And over the next little while, I’ll share some of the details of these conversations, as well as discuss some of my thoughts on the current state of sprinting in Jamaica and elsewhere...
But we will start with Donovan:
SM: With CHAMPS recently celebrating their 100th anniversary, why is it that we have only seen sustained international success over the last 6 or 7 years?
DB: I think that today, there’s a different swagger - a different sense of accomplishment - a difference sense of belonging - a different sense of dominance...
Both Linford and I learnt at an early age - being born in Jamaica, and moving to first-world countries - that the culture of Jamaica - the infrastructure that was here at the time - and still is - instilled in us the attitude that we would be the very best we could be. We were exposed to the very best right from day one. It was expected of us. Linford dominated because that was his attitude. Because of his upbringing, he understood that he could show up and dominate. I grew up in the exact same way. Competing at Champs gives you the confidence that when you compete on the big stage, you are not scared. From the time you are 12, 13 years old, you are competing in front of 50,000 people inside a pressure cooker. World Championships and Olympic Finals are just extensions of that. At 13, 14, 15, 16 years old you have to deliver for your school. It’s huge pressure...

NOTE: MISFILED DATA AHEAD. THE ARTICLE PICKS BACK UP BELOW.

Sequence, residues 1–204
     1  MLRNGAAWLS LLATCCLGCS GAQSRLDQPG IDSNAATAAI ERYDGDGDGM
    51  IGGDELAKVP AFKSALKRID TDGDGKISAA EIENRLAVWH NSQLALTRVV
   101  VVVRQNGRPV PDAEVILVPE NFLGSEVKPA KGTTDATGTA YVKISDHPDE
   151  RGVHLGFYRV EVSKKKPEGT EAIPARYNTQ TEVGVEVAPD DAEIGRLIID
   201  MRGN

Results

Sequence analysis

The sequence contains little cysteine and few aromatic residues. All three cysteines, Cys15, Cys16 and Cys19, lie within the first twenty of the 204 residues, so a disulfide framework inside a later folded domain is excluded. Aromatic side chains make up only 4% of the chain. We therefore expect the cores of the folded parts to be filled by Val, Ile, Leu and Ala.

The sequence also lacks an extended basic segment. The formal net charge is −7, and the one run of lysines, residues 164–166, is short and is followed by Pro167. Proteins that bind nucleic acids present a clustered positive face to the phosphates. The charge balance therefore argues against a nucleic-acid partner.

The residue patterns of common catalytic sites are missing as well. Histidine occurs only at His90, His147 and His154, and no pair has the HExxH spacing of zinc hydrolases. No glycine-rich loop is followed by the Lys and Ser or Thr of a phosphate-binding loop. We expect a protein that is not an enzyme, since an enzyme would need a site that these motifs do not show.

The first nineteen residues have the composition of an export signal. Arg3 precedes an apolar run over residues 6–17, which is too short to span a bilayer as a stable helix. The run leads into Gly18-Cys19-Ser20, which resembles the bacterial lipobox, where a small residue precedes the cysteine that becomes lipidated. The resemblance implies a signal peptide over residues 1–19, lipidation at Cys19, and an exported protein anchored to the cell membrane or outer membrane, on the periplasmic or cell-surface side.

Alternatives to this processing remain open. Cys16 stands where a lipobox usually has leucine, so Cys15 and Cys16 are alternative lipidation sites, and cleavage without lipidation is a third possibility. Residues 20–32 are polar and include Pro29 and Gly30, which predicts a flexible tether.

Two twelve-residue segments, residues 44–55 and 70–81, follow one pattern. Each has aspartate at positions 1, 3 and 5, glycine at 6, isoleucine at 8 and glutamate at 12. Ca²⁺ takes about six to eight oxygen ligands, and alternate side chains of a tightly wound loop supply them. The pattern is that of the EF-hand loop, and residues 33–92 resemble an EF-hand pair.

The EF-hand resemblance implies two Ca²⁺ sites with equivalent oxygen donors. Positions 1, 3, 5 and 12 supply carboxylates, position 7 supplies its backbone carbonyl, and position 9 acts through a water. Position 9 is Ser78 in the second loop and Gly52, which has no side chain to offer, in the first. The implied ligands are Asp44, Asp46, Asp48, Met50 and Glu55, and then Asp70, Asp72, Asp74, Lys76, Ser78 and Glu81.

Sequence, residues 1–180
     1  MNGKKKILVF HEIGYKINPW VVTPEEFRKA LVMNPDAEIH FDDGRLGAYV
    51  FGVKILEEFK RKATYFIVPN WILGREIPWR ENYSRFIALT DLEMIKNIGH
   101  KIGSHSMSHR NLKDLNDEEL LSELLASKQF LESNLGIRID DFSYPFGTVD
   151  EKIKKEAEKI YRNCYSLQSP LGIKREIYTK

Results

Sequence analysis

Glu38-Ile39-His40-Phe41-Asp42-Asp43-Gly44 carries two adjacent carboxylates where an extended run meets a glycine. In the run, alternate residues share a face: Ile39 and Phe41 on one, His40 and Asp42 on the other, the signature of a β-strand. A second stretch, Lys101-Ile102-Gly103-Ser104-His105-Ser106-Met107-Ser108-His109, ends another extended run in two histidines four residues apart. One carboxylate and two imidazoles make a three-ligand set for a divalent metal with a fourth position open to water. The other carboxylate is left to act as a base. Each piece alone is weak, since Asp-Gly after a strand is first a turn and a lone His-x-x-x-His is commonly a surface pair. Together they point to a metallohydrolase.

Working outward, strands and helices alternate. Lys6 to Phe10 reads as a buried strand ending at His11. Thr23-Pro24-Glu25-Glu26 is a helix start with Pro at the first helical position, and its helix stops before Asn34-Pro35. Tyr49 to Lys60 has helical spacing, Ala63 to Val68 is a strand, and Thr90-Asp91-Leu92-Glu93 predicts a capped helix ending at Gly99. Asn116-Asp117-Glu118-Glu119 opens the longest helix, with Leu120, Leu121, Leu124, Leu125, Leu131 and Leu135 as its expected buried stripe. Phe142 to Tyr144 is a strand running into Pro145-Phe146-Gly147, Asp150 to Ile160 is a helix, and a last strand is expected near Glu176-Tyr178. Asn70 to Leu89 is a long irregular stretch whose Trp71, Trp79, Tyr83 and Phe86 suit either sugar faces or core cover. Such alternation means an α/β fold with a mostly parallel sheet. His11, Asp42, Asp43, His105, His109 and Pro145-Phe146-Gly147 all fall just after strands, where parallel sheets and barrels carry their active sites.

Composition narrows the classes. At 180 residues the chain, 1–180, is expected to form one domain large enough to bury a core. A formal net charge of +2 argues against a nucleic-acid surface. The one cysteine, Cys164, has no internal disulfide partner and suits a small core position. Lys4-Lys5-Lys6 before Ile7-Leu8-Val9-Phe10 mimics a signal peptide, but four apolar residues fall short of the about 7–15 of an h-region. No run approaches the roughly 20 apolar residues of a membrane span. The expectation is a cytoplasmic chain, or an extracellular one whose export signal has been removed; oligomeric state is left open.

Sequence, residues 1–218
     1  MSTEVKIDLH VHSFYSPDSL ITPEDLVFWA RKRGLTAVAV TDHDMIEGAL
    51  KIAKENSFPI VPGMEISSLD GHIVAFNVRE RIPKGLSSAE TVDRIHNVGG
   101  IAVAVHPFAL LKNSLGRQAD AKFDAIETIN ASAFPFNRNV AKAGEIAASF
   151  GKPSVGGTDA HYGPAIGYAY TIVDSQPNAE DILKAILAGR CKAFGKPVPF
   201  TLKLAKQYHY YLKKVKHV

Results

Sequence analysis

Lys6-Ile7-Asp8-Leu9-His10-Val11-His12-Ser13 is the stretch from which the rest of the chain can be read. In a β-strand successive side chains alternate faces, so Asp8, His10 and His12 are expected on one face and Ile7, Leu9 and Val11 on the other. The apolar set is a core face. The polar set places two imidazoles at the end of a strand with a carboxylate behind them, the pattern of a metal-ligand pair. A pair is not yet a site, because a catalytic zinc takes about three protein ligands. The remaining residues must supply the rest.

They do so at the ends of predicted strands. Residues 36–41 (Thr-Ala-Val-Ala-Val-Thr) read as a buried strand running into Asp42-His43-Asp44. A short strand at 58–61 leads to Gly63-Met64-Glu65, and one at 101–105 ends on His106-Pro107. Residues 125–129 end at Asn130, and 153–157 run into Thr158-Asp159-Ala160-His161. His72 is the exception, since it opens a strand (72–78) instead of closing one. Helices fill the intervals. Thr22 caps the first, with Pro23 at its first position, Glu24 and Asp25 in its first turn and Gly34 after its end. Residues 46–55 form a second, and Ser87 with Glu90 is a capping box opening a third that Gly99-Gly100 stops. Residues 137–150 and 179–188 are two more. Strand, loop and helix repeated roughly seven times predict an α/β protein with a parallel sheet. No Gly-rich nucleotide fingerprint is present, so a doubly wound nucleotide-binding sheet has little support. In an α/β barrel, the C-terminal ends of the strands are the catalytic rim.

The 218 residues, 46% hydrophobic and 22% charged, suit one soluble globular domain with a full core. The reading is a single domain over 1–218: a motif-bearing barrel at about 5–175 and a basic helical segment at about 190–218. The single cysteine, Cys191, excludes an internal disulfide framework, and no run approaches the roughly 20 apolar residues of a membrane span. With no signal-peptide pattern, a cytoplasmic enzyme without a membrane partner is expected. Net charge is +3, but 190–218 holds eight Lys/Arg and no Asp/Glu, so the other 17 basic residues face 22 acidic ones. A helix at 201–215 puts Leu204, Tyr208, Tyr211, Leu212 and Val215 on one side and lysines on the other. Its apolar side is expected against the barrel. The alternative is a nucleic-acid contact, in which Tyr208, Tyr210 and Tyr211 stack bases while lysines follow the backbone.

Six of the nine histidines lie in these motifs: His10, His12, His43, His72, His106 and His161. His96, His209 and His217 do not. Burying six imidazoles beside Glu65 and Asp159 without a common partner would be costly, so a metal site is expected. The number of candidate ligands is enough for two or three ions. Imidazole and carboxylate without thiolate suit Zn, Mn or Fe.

Sitting out there last week, that’s what I was thinking....these kids must be feeling comparable pressure as to what you felt back in '96 in Atlanta...30-40,000 people going crazy, and they’re just kids
...yes - absolutely - probably more so...
So do you feel, then, that if you had moved to Canada when you were 5 - instead of 12, and had your early competitive track and field experiences in Canada - and not Jamaica - do you think you would have enjoyed the same success later on?
I think psychologically I still would have been pretty strong. My parents taught me to be a very strong person mentally. Whatever I pursued, I had to give it my all - whether it was in the classroom, or basketball, or whatever. However, the kids now - just because of the pressure they are subject to - and the immense depth that now exists in Jamaica means they’re taking it to another level. We’re just seeing the beginning. But to answer the question, I personally feel that in my situation, I would have excelled in either country because of the values that my parents instilled in me. The present culture in Jamaica obviously makes it easier for everyone today though.